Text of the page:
About a week ago I tweeted:
from what i’m reading between the lines, #SCORM is dead to the ADL. they’re moving on. interesting timing considering #TAACCCT
I had no idea how much hand-wringing and consternation my off-handed comment would cause. It apparently caused (directly or indirectly) some heated discussions about SCORM being dead.
The problem is, I never said “SCORM is dead.” I said “SCORM is dead to the ADL.” Big difference.
Let me elucidate here.*
I posted my tweet after noticing several things:
1. It’s well-documented that the ADL has tried to hand SCORM off to other organizations without success for at least a couple of years — remember the LETSI SCORM 2.0 initiative? Unfortunately, lawyers got in the way.
2. I had recently heard that the ADL has decided to put a lid on SCORM and cease further development, with the lone exception being the possible addition of new data elements from the CMI-5 initiative. No refinements to sequencing and navigation, no web services.
For example, a recent ADL newsletter contained this:
ADL launches Future Learning Experience Project
SCORM was built to support web-based delivery of learning content, based on initial design dating back to the late 1990s. While ADL continues to support SCORM and commits to supporting SCORM compatibility in new efforts, we have also begun new work to meet distributed learning needs beyond SCORM: the Future Learning Experience Project.
“New work” that goes “beyond SCORM” while “continu[ing] to support SCORM.”
Add it all up and you can make a pretty solid case that the ADL wants to move on to the next thing, and the next thing will be defined by the outcome of the Tin Can research coupled with the Future Learning Experience Project.
And your point is?
I could write a book trying to explain the troubled life of SCORM, and how it has been seen as a savior, an outcast, an anchor, and a noose. But I don’t want to do that. I just want to let everyone know that my tweet was simply an off-hand remark that it appears the ADL wants to move on to something else. The ADL wants to have “life after SCORM.”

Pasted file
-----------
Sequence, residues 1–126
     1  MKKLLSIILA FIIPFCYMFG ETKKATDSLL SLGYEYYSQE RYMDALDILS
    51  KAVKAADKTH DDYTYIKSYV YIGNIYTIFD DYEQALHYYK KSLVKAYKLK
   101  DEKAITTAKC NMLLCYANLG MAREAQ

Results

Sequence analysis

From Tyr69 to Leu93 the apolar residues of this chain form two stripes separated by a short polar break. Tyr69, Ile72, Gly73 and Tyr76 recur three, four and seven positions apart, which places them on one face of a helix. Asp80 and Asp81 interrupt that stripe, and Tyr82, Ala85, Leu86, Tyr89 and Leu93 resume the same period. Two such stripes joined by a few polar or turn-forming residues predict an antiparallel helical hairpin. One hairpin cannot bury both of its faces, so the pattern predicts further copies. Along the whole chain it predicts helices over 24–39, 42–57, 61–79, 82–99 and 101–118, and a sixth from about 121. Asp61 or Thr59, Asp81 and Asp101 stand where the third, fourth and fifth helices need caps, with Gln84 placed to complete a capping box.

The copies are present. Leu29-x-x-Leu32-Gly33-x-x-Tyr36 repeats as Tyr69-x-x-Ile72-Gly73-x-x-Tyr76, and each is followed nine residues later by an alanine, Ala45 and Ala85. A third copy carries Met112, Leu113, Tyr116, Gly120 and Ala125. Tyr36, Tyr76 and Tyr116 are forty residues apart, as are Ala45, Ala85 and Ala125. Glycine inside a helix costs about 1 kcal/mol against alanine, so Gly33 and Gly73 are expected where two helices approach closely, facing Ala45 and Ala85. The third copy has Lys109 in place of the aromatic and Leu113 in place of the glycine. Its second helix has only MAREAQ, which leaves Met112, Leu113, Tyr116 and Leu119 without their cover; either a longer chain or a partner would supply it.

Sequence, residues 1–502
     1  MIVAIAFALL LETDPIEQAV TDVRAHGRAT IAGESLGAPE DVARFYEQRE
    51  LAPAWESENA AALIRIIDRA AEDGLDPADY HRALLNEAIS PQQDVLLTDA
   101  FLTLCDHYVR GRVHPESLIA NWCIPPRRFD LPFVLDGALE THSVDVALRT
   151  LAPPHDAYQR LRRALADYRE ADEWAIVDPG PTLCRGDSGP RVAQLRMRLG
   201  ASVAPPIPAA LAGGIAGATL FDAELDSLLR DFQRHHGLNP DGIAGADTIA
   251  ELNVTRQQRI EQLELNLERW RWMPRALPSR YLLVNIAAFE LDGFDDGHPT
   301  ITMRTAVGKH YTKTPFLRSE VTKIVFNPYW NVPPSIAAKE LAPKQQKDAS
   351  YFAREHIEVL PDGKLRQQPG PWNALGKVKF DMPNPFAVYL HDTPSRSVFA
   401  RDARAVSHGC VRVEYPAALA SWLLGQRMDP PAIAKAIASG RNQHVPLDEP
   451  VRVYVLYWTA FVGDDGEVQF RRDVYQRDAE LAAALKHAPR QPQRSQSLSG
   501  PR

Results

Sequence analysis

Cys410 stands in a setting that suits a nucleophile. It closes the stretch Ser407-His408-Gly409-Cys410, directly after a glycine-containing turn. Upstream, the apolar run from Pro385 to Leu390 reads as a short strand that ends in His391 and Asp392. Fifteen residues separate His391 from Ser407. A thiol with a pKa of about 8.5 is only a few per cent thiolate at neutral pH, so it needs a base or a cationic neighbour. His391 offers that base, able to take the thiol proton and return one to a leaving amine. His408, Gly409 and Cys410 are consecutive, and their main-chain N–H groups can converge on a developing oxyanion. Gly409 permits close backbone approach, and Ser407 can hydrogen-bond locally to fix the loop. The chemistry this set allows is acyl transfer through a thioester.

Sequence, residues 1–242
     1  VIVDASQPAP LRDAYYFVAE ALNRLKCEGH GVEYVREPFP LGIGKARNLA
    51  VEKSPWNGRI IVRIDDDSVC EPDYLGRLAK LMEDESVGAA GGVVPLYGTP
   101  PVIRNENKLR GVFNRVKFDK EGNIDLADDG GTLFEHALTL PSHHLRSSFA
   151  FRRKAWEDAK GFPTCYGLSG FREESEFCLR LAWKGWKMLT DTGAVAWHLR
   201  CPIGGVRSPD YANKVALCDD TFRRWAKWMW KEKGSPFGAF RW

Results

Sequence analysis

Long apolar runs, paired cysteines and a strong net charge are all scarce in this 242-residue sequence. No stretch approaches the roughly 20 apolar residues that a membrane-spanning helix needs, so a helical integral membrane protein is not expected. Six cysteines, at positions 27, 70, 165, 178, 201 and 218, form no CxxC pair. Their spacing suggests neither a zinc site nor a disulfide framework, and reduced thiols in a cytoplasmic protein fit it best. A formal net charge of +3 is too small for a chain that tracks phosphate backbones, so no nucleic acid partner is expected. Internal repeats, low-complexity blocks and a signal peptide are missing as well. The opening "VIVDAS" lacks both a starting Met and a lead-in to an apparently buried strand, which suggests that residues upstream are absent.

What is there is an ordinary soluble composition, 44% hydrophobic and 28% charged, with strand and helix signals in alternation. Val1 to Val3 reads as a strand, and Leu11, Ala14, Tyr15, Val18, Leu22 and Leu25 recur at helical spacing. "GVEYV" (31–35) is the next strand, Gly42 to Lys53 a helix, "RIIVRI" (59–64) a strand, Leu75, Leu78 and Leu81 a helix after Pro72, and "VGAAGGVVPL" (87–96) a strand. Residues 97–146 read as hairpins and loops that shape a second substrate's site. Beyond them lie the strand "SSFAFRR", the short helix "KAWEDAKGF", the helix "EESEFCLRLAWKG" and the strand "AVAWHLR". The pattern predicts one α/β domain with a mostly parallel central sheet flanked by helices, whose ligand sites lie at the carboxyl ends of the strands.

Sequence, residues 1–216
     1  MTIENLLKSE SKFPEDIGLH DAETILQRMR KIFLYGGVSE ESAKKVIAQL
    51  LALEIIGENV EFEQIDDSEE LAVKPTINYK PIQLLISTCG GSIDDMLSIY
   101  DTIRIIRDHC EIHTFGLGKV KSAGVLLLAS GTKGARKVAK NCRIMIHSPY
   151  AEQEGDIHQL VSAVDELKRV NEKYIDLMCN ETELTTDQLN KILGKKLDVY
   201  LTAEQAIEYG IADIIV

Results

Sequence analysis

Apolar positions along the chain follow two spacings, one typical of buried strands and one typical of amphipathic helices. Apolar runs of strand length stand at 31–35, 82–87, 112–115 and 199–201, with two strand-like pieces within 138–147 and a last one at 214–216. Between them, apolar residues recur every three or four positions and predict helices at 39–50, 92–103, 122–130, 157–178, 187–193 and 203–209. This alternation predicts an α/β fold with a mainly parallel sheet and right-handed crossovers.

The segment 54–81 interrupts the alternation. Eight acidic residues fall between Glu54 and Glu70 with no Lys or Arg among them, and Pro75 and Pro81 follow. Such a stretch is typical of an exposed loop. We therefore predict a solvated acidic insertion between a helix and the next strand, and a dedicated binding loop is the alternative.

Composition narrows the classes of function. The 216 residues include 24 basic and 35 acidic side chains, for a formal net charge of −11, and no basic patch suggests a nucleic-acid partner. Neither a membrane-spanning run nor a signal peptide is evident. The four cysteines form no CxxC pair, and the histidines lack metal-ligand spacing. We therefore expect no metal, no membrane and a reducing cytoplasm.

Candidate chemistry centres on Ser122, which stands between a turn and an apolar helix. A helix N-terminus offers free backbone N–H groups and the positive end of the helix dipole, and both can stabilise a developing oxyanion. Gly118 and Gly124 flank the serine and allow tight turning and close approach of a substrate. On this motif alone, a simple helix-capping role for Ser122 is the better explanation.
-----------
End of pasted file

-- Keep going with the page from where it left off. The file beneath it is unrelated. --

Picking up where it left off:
In a private email thread, I told some of those concerned:
My point with my tweet was that I have a gut feeling that SCORM, as we know it, is being left behind. This isn’t a negative statement, though it could be construed that way. In my mind, it’s quite the opposite: the ADL (and others) appear to be very active and engaged with the learning technology community. I’ve never seen this level of activity. It’s just that what’s being worked on (in super-simple terms) is a modern tracking mechanism that really only has a cursory relationship to SCORM as we use it today.
Perhaps ADL’s work on SCORM is complete […], but SCORM still needs improvements, and from my admittedly limited observations, the ADL shows no intention of doing that work, choosing to focus on a successor to SCORM instead. Hence my comment that SCORM is dead to the ADL. Brad Pitt is dead to Jennifer Aniston, but he’s not really dead, y’know?
So please put away the pitchforks. SCORM is alive and kicking, though it probably won’t get that reconstructive knee surgery it’s been needing for the last 5 years.
Frankly, I think SCORM’s run-time model is flexible enough that it will remain relevant for years, and that makes me happy. I’m one of the few people who thinks SCORM can be very useful today even when using social media. Just because no one has done it yet doesn’t mean it can’t be done.
My lessons learned:
- Some things are better left unsaid (untweeted), especially if they have the potential to be taken out of context.
- The power of social media means even little pipsqueaks like me can cause a ruckus, intentionally or not.
Lessons learned for others:
- Don’t take things out of context.
- The ADL needs to work on its marketing/messaging.
- SCORM is still cool.
* One of my favorite Disney songs ever.